Tony Tracy tony at SPAMtao.ca
Mon Dec 6 07:28:08 MST 1999

I'd have to respectfully disagree with the comrade from the SACP :)

Clinton certainly had way more means at his disposal to scuttle the
aims of developing countries than to organize provocateurs outside
the conference itself.

It was clear to me during my time in Seattle that the protesters, of
all stripes, came from a genuine position of opposition to corporate
globalization. Mind you, there was certainly mixed and uneven
conciousness amongst the gathered forces, with some looking to
protectionist measures (amongst them both the Canadian and American
versions of "left nationalism"), some to liberal anti-consumerist &
other "lifestyle" ideology, etc.

Without question, this was a divergent, contradictory and very mixed
crowd -- with a great deal of differences of opinion. And certainly,
as a socialist, I have great differences of political opionion with
many of the organized forces that were in Seattle. But I do not for
an instant question whether or not these folks were the genuine
thing... they were indeed.

And, as a bit of an optimist, I think that socialists have more than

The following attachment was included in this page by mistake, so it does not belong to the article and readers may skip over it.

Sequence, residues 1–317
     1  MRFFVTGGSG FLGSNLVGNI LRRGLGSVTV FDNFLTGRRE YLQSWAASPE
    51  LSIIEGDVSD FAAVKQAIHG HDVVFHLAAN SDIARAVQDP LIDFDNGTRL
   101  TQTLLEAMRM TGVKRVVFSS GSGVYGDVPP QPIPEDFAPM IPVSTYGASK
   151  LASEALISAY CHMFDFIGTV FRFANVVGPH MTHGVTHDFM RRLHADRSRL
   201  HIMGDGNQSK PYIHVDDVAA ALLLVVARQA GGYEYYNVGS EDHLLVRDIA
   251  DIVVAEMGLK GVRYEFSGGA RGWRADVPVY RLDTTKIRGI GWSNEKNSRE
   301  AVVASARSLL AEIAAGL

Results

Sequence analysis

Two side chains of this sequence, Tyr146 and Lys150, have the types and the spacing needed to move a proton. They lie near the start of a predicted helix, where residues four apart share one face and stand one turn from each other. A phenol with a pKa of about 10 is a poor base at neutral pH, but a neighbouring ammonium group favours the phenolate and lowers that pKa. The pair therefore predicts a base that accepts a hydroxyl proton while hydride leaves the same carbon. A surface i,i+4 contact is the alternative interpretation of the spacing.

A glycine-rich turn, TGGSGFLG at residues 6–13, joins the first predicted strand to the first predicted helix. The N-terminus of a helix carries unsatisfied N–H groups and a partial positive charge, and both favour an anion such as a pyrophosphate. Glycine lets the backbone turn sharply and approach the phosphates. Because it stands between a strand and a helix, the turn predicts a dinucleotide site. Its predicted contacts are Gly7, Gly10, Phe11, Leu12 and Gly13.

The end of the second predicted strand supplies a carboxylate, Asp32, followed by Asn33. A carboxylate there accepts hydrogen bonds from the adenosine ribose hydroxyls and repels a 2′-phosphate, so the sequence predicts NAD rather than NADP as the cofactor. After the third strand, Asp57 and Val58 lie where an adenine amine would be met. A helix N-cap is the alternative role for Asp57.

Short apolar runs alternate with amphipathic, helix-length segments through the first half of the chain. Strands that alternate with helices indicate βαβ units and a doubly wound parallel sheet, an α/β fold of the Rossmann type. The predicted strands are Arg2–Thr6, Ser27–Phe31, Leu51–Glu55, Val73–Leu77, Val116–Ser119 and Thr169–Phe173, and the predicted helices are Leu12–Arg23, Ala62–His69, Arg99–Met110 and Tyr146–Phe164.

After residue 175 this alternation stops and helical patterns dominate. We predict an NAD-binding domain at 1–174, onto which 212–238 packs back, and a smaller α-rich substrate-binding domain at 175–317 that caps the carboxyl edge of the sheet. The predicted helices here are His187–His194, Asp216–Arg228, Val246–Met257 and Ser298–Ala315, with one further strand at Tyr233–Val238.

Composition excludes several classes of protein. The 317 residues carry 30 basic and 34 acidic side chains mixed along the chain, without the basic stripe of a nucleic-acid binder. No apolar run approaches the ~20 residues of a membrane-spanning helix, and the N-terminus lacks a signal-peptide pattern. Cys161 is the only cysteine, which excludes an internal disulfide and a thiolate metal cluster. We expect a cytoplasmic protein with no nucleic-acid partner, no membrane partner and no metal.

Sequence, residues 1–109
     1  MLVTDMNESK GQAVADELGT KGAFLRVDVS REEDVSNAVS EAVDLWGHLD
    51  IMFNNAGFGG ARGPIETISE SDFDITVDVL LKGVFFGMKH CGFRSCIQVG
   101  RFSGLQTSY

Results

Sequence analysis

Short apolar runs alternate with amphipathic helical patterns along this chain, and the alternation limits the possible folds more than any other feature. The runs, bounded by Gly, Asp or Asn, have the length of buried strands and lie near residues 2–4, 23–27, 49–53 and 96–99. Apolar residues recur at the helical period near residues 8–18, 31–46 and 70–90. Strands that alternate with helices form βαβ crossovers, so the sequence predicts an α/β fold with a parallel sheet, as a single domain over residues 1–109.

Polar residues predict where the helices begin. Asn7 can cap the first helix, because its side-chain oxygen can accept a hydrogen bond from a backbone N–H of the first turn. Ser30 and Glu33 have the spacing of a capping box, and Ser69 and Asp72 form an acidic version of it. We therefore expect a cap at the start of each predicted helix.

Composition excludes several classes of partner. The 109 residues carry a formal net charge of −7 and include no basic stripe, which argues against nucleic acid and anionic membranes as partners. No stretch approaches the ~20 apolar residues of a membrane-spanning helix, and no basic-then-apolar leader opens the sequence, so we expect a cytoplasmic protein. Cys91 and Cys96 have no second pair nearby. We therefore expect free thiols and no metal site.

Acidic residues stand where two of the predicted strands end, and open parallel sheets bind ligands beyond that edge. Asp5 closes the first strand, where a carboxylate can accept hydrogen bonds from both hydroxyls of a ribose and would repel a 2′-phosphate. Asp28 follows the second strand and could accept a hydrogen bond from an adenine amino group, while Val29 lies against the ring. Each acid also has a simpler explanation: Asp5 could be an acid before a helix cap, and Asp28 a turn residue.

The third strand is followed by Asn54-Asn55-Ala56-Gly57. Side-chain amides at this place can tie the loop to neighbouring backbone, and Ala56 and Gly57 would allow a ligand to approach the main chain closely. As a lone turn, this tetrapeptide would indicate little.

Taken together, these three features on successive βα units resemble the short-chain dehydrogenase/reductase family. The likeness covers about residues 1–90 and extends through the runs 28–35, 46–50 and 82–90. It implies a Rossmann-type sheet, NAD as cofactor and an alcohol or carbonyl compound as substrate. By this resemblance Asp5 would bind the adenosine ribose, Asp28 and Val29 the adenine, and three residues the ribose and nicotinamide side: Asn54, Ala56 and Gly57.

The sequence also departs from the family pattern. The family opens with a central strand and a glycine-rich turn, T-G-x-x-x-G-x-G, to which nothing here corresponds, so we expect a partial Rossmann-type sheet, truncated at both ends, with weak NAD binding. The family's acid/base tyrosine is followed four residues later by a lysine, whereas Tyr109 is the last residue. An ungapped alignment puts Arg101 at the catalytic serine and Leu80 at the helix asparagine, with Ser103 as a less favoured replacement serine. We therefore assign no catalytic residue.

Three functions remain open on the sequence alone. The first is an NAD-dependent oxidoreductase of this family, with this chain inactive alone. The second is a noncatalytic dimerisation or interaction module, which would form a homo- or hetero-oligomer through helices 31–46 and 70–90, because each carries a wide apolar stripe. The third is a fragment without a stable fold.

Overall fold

a bit of a role to play in providing some clarity around trade
issues, around issues of corporate globalization, etc., which would
be of a great deal of value to this emerging movement. But I think
the beginning point for that role is to show some solidarity with the
movement itself, whatever it's mixed and contradictory character,
when it comes out in force against what it sees as one of the best
symbols of global capitalism, rather than write the movement off as
an agent of imperialism.


Tony Tracy

>I am cross posting this from another list... (without the name of
>the person who
>initiated it)... Although I have some strong views on the WTO/Seattle... would
>be interested to know what people make of this:
>The South African delegation (which included labour) did raise some
>interesting issues at the WTO. But what caught my attention the most were
>the comments of Trade and Industry Minister Alec Erwin. Erwin, a former
>trade unionist and still a member of the South African Communist Party,
>said that the protestors were acting in the interests of the US government,
>more or less hinting that they were provocateurs put their by Clinton to
>make sure the developing countries weren't able to achieve their aims at
>the Summit.
>Ismail Lagardien
>Office of the Chief Economist and
>Senior Vice President of
>Development Economics
>The World Bank
>Washington DC
>202 473 9603
>Visit the World Bank Chief Economist page at:

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